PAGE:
by Ann Taylor | |

The Star

 Twinkle, twinkle, little star,
How I wonder what you are !
Up above the world so high,
Like a diamond in the sky.
When the blazing sun is gone, When he nothing shines upon, Then you show your little light, Twinkle, twinkle, all the night.
Then the trav'ller in the dark, Thanks you for your tiny spark, He could not see which way to go, If you did not twinkle so.
In the dark blue sky you keep, And often thro' my curtains peep, For you never shut your eye, Till the sun is in the sky.
'Tis your bright and tiny spark, Lights the trav'ller in the dark : Tho' I know not what you are, Twinkle, twinkle, little star.


by Ann Taylor | |

The Vulgar Little Lady

 "But, mamma, now, " said Charlotte, "pray, don't you believe
That I'm better than Jenny, my nurse? 
Only see my red shoes, and the lace on my sleeve;
Her clothes are a thousand times worse.
"I ride in my coach, and have nothing to do, And the country folks stare at me so; And nobody dares to control me but you Because I'm a lady, you know.
"Then, servants are vulgar, and I am genteel; So really, 'tis out of the way, To think that I should not be better a deal Than maids, and such people as they.
" "Gentility, Charlotte," her mother replied, "Belongs to no station or place; And there's nothing so vulgar as folly and pride, Though dress'd in red slippers and lace.
Not all the fine things that fine ladies possess Should teach them the poor to despise; For 'tis in good manners, and not in good dress, That the truest gentility lies.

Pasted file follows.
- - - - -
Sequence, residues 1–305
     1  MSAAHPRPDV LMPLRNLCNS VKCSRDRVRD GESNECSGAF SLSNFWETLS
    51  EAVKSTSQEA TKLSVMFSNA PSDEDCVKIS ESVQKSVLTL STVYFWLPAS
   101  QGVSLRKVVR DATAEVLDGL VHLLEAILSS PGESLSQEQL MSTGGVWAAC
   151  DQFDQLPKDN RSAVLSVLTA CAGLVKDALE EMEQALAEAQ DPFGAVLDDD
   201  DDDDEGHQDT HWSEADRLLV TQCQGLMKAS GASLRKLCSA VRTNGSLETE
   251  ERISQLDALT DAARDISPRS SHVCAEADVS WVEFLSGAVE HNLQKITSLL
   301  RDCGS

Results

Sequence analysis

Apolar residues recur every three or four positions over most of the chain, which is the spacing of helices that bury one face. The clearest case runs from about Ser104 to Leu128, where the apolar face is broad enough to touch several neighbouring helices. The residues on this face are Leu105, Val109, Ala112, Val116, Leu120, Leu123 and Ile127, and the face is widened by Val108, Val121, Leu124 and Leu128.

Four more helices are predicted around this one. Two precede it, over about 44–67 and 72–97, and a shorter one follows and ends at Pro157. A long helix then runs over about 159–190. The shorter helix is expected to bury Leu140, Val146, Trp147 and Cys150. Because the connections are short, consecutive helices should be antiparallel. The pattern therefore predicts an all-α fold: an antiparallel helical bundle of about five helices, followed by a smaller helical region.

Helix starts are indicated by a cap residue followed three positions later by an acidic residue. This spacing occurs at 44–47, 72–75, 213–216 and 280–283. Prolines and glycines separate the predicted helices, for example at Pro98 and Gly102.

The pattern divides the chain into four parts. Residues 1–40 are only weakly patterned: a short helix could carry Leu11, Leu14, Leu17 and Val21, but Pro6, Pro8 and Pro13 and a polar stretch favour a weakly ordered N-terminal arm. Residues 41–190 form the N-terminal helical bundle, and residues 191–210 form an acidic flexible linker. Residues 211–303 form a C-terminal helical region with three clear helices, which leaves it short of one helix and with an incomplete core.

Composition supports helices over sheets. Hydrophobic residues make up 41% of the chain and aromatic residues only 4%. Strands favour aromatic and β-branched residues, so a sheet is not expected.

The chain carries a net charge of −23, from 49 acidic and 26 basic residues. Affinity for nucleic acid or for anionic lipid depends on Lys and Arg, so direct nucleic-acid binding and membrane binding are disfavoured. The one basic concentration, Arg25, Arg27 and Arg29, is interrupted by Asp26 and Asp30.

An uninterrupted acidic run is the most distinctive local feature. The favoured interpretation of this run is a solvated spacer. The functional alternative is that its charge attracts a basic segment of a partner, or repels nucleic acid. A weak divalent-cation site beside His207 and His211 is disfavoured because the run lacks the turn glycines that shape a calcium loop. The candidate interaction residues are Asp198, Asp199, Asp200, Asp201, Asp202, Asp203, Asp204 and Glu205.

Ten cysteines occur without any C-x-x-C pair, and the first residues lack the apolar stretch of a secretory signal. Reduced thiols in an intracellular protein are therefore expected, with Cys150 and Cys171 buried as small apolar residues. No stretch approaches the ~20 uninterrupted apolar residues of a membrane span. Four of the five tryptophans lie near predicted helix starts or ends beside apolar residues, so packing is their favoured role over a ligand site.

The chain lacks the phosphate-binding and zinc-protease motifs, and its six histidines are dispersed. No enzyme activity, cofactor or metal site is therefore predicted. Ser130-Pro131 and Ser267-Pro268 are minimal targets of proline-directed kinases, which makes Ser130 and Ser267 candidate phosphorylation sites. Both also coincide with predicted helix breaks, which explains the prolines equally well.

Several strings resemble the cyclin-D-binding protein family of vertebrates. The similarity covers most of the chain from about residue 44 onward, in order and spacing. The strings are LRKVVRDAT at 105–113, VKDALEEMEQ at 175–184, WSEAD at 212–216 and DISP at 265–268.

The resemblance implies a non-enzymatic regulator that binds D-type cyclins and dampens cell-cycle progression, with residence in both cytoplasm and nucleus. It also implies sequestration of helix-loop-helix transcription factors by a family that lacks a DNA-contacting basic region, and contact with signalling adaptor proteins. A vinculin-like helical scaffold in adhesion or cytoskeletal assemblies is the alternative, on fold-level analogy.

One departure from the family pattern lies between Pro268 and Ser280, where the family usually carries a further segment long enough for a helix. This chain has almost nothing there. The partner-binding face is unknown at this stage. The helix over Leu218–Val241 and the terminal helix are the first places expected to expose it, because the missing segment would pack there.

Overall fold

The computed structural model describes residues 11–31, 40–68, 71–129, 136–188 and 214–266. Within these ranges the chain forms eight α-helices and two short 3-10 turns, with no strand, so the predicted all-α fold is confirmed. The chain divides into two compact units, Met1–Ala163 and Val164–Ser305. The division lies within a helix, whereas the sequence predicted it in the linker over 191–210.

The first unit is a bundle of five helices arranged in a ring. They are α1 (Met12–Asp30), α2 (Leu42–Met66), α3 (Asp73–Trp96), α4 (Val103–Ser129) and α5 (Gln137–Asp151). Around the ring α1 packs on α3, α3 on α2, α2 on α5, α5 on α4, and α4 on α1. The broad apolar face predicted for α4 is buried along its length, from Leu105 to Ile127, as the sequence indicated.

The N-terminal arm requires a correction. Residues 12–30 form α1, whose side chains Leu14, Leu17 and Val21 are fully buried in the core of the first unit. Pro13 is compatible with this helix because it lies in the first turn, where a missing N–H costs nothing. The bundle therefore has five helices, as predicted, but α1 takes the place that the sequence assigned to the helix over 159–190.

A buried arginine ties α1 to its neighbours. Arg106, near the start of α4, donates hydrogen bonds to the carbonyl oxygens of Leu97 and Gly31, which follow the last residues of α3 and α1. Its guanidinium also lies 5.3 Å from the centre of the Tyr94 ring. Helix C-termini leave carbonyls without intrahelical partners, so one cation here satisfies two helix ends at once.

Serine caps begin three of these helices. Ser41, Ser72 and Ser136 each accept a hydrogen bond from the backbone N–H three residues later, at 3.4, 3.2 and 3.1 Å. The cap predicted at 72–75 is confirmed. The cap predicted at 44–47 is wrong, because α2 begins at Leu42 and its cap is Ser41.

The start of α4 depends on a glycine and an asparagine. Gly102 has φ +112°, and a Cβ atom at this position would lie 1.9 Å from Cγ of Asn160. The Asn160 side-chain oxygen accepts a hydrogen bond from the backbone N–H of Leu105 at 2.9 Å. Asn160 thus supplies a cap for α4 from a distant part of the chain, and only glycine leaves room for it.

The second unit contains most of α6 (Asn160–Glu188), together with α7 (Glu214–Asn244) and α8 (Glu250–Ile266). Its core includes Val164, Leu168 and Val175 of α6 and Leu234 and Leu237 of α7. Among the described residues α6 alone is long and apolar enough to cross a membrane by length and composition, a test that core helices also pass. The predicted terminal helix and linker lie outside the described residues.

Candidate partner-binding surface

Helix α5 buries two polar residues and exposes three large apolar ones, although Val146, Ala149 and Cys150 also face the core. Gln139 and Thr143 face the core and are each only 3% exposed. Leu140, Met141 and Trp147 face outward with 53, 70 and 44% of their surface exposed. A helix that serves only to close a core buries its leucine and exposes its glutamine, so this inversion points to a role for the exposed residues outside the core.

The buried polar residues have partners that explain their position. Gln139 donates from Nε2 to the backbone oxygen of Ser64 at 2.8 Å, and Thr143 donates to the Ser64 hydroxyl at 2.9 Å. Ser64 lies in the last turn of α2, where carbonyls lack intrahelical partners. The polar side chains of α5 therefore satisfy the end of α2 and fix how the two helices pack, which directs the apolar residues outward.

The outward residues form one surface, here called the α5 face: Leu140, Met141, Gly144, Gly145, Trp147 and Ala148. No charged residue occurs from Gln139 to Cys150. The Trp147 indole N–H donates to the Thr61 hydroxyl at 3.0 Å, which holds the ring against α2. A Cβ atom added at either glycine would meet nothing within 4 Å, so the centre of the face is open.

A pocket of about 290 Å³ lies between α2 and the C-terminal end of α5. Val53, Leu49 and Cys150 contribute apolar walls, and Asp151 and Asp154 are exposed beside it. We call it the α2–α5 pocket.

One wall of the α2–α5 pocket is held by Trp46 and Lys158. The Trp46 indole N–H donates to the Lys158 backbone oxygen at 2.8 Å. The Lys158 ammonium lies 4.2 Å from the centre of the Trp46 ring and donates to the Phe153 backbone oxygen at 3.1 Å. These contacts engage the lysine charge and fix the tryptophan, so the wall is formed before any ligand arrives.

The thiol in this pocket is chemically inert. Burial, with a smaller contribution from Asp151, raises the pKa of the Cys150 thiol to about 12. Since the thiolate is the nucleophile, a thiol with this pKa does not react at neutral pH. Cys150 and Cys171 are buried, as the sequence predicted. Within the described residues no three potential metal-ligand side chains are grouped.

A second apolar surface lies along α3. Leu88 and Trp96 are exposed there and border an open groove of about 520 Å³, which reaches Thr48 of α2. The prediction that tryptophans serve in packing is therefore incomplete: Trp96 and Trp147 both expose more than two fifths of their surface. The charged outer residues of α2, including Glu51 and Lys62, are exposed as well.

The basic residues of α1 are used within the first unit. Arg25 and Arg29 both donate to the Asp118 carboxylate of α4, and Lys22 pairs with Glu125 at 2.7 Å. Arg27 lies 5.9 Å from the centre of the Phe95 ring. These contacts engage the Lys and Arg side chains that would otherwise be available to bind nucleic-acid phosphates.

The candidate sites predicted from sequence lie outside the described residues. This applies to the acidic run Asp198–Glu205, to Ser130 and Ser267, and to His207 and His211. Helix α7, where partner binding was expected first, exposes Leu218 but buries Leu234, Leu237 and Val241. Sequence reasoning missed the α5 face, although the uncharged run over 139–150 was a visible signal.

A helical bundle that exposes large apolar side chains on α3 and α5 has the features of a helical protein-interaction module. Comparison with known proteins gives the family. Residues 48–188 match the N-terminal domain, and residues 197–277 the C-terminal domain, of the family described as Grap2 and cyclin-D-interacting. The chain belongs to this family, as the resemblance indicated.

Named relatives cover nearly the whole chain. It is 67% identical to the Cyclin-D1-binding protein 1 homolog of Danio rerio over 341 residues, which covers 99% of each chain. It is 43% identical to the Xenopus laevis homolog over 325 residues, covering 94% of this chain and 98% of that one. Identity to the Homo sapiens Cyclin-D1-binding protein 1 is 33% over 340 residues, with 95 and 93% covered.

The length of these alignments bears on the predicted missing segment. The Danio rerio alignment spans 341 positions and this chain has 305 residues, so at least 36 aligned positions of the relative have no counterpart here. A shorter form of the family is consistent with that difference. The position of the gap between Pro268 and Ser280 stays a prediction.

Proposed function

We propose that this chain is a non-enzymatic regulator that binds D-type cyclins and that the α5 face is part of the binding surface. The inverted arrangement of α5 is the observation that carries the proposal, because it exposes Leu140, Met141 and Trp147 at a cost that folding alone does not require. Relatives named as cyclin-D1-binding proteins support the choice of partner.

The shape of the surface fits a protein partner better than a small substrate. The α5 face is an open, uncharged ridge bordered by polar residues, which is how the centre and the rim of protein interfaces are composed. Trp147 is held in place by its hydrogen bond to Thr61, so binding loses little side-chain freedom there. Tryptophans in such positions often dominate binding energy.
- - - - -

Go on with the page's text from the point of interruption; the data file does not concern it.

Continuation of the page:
"


by Ann Taylor | |

The Washing and Dressing

 Ah! why will my dear little girl be so cross,
And cry, and look sulky, and pout? 
To lose her sweet smile is a terrible loss,
I can't even kiss her without.
You say you don't like to be wash'd and be dress'd, But would you not wish to be clean? Come, drive that long sob from your dear little breast, This face is not fit to be seen.
If the water is cold, and the brush hurts your head, And the soap has got into your eye, Will the water grow warmer for all that you've said? And what good will it do you to cry? It is not to tease you and hurt you, my sweet, But only for kindness and care, That I wash you, and dress you, and make you look neat, And comb out your tanglesome hair.
I don't mind the trouble, if you would not cry, But pay me for all with a kiss; That's right -- ­take the towel and wipe your wet eye, I thought you'd be good after this.